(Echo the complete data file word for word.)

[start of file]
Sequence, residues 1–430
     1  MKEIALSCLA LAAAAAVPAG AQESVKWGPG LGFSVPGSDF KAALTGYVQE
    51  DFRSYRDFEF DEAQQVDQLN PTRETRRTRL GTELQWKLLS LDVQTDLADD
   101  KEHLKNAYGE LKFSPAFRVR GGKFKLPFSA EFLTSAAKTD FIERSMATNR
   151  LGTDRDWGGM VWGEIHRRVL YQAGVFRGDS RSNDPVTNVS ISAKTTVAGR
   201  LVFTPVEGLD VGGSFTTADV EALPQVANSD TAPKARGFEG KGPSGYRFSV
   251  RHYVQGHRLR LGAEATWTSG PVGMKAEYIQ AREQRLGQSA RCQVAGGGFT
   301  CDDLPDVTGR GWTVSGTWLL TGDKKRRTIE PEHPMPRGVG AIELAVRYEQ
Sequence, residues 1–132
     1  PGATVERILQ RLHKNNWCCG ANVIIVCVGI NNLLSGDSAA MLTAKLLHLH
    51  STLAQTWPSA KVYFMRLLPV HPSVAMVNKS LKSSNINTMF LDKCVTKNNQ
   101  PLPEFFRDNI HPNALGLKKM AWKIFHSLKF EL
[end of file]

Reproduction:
Sequence, residues 1–430
     1  MKEIALSCLA LAAAAAVPAG AQESVKWGPG LGFSVPGSDF KAALTGYVQE
    51  DFRSYRDFEF DEAQQVDQLN PTRETRRTRL GTELQWKLLS LDVQTDLADD
   101  KEHLKNAYGE LKFSPAFRVR GGKFKLPFSA EFLTSAAKTD FIERSMATNR
   151  LGTDRDWGGM VWGEIHRRVL YQAGVFRGDS RSNDPVTNVS ISAKTTVAGR
   201  LVFTPVEGLD VGGSFTTADV EALPQVANSD TAPKARGFEG KGPSGYRFSV
   251  RHYVQGHRLR LGAEATWTSG PVGMKAEYIQ AREQRLGQSA RCQVAGGGFT
   301  CDDLPDVTGR GWTVSGTWLL TGDKKRRTIE PEHPMPRGVG AIELAVRYEQ
Sequence, residues 1–132
     1  PGATVERILQ RLHKNNWCCG ANVIIVCVGI NNLLSGDSAA MLTAKLLHLH
    51  STLAQTWPSA KVYFMRLLPV HPSVAMVNKS LKSSNINTMF LDKCVTKNNQ
   101  PLPEFFRDNI HPNALGLKKM AWKIFHSLKF EL